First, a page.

* * *
Today I received a news alert with the question, “Who will be the immigration movement’s Martin Luther King?” I really think hundreds of people have asked themselves this exact question in the past two years. I don’t have an answer, but the passage I just quoted highlights, for me, the qualities as well as the quandary. Princeton University is asking a very similar question to middle and high school students right now. They essentially ask the question, “What would Martin Luther King say if he were to attend an immigration rally today?” (http://www.princeton.edu/mlk/essay).
When Dr. King faced himself in an instant of introspection instigated by the loneliness of leadership, he realized that his life led him to the decision he was making. And he realized that he could make no other decision than to trust in God, in his sense of history and morality, and choose to act in faith.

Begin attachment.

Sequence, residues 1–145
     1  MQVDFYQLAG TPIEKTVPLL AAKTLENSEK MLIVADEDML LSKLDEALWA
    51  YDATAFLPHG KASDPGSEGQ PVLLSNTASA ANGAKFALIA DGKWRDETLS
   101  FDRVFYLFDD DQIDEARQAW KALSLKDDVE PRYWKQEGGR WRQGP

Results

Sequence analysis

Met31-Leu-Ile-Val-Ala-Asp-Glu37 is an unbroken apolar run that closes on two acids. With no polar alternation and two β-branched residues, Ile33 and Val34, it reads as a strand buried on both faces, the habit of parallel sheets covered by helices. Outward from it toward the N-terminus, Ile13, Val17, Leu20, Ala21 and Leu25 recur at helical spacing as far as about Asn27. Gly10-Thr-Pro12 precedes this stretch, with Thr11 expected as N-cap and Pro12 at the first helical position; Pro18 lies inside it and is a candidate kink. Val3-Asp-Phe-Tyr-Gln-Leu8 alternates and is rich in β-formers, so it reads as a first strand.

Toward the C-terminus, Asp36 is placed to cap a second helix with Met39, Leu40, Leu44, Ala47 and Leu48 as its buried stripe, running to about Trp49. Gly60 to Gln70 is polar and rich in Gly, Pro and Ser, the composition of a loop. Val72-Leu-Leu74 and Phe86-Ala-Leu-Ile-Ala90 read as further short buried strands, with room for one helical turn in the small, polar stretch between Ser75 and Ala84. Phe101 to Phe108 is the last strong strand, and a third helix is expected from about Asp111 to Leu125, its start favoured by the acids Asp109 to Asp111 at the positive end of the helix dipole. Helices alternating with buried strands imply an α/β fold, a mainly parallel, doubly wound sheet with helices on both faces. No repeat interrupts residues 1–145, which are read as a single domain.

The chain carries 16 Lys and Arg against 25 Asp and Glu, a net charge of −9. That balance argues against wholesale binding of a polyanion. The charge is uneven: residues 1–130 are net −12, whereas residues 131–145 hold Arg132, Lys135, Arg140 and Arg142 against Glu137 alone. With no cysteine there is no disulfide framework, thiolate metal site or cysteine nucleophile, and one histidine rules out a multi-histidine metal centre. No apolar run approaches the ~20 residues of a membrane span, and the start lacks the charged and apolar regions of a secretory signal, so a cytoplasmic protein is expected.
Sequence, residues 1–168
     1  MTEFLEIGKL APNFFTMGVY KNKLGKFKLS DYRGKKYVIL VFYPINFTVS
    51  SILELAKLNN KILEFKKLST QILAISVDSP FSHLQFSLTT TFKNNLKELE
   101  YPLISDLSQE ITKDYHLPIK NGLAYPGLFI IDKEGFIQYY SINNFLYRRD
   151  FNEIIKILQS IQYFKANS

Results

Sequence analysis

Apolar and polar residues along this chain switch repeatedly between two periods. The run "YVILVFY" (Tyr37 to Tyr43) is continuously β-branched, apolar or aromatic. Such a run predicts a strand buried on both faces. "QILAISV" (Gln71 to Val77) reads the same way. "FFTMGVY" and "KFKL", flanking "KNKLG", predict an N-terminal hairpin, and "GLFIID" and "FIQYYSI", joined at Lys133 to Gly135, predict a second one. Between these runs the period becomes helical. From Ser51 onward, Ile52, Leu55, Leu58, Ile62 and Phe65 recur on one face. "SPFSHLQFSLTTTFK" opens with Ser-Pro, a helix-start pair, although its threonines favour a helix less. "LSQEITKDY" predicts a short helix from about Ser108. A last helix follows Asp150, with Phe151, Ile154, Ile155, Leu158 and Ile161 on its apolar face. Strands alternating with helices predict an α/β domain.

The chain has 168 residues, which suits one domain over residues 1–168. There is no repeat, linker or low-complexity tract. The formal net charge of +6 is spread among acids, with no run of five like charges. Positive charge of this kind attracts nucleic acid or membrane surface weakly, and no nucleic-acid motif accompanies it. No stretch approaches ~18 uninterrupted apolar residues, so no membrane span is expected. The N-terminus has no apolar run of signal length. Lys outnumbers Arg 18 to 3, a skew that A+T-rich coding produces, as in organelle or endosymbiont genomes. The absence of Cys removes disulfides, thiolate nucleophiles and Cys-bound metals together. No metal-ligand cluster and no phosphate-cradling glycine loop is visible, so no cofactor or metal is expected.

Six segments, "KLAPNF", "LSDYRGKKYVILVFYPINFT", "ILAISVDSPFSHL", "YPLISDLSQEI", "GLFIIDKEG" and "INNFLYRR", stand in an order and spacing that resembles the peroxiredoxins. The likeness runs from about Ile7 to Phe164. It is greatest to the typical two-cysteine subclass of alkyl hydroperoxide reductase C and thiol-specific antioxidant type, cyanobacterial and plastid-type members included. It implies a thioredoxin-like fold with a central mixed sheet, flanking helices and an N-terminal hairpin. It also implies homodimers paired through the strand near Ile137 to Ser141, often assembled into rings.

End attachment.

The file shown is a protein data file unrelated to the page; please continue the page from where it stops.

What made this decision so difficult for Dr. King was the fact that no bail could be provided for the three hundred in jail and that unless he stayed out of jail and tried to secure funding, they would likely remain in jail for a significant period of time. This is perfectly applicable to our situation with unjust immigration restrictions because arrested immigrants are not given bail. Not only that, but they aren’t often given jail sentences; they are most often deported.